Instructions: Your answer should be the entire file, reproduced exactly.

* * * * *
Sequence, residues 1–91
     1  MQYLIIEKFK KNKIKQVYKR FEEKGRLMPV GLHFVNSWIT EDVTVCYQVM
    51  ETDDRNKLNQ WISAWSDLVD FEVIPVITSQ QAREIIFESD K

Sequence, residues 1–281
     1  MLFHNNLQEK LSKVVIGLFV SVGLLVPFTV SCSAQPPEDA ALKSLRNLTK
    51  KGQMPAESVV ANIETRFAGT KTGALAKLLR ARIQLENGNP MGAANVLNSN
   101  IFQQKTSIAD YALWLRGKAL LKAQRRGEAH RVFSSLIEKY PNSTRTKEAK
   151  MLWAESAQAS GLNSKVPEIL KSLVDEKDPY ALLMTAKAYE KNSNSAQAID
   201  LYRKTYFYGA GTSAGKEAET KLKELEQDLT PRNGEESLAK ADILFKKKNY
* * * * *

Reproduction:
Sequence, residues 1–91
     1  MQYLIIEKFK KNKIKQVYKR FEEKGRLMPV GLHFVNSWIT EDVTVCYQVM
    51  ETDDRNKLNQ WISAWSDLVD FEVIPVITSQ QAREIIFESD K

Sequence, residues 1–281
     1  MLFHNNLQEK LSKVVIGLFV SVGLLVPFTV SCSAQPPEDA ALKSLRNLTK
    51  KGQMPAESVV ANIETRFAGT KTGALAKLLR ARIQLENGNP MGAANVLNSN
   101  IFQQKTSIAD YALWLRGKAL LKAQRRGEAH RVFSSLIEKY PNSTRTKEAK
   151  MLWAESAQAS GLNSKVPEIL KSLVDEKDPY ALLMTAKAYE KNSNSAQAID
   201  LYRKTYFYGA GTSAGKEAET KLKELEQDLT PRNGEESLAK ADILFKKKNY